Many of academic and scientific papers dealing with the influence of organized religion on community norms, fairness, punishment and market interactions tend to treat religion in a soft manner or in a very favorable light. These kinds of academic research efforts tend to ignore the continuing occurrences and impacts of various holocausts, religious warfare and well known factors associated with religious institutional corruption (described very clearly in Matthew 23). Therefore, let's ask a few smple and "pointed" questions about religion and religious beliefs.

Why are there so many conflicts between religion and spirituality? From a scientific viewpoint, how mighty is God Almighty? Compare the answer that may have been given to that question in 70 A.D. vs. the answer that would be given today. Are the Bible and Koran immune from corruption and change? With respect to science and religion, where does God receive more disrespect? What are the origins of the traditions in Judaism and Christianity? Do the Pagan religious traditions and the Sumerian belief system provide any clues? Abraham was a - - - Shemite? - - - Hebrew? - - - Israelite? - - - Jew? - - - None of the above? - - - Some of the above? - - - All of the above? According to the Bible and the Catholic Encyclopedia who was the first leader for the followers of the Christ?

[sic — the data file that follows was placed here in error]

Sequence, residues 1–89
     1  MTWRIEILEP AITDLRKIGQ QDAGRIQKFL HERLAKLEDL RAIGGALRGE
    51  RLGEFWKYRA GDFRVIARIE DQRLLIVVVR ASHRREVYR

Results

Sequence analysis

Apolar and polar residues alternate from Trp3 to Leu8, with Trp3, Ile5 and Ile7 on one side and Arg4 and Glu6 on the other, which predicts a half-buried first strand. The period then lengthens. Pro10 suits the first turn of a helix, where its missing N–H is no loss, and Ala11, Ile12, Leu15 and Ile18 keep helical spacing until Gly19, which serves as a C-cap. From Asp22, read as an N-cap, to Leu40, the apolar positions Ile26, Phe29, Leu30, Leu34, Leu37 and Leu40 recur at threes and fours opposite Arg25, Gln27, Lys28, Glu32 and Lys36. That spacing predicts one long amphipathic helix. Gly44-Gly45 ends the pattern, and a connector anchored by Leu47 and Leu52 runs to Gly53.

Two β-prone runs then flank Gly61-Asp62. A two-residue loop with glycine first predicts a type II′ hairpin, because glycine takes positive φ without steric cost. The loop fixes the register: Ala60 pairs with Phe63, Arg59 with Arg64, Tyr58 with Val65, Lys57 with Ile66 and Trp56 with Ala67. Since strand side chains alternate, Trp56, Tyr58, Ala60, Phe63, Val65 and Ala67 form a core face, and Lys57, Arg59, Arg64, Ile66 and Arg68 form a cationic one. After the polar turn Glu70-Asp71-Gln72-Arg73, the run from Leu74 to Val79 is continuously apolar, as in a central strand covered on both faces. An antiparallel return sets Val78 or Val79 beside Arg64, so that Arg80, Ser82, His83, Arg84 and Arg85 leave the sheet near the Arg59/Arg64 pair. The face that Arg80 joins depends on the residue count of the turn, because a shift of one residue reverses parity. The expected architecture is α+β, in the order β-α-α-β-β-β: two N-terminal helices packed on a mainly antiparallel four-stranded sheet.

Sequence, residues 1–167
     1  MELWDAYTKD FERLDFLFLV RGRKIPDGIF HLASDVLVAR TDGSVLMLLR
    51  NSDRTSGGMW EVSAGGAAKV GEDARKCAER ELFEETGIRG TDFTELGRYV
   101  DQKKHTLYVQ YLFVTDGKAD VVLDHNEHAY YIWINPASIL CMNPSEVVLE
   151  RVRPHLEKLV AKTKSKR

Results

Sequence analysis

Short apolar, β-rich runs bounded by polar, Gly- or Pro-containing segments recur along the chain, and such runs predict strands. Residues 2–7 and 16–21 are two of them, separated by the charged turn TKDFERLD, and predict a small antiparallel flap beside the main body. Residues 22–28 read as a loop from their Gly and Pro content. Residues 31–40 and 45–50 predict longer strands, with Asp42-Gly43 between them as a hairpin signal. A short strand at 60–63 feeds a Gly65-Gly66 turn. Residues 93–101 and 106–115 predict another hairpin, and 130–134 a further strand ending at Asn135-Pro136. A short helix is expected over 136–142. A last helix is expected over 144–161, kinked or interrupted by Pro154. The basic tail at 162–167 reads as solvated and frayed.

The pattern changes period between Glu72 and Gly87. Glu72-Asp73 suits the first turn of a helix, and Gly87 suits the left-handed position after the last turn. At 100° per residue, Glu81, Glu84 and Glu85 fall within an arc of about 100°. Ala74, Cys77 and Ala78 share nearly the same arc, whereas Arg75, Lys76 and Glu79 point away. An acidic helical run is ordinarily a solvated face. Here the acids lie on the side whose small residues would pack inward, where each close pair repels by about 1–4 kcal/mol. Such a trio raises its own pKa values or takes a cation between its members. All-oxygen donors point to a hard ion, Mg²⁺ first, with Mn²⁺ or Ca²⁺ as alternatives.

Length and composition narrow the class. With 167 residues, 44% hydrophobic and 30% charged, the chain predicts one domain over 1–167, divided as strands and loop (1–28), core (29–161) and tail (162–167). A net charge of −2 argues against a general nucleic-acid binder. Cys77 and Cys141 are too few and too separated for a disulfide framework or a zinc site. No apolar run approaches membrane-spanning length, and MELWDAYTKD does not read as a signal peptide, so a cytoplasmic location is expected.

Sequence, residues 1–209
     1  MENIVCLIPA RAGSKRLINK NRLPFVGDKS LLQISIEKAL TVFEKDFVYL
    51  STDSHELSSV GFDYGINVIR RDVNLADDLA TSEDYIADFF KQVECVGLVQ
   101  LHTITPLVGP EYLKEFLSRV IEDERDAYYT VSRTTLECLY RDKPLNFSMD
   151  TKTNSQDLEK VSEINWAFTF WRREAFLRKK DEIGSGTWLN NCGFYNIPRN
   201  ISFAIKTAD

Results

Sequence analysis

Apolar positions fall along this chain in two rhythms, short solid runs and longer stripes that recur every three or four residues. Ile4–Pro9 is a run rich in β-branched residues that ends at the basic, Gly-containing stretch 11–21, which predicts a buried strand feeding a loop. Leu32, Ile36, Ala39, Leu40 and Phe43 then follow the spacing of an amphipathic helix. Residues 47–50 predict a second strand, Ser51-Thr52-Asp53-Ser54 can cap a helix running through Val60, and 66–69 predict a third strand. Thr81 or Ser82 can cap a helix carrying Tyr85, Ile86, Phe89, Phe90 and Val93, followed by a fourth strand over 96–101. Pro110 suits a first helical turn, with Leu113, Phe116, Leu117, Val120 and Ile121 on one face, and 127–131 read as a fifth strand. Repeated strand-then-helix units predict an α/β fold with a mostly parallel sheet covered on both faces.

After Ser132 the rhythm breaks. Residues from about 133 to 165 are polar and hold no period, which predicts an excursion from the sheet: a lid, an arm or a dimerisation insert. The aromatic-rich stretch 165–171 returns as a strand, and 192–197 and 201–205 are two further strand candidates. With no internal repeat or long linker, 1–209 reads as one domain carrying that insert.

Jesus had a last name. What was His last name? (As we know, it was not "Christ." In fact, referring to Him as Jesus Christ is not rigorously correct. There is one little word that is missing.) Let's take this a little further. What was His first name? Some would say, "Jesus." Well, not quite - - -. According to Scripture; who is the one who took charge of the Gentile church? Was it St. James, St. Paul, St. Peter - - - someone else?

The Vatican II document, Lumen Gentium (Light of the Nations), in Chapter IIa part 12, refers to a group of people and states that when anointed by the Holy Spirit, they "cannot be mistaken in belief." Who are those people? (You might want to sit down before you read the answer to that question).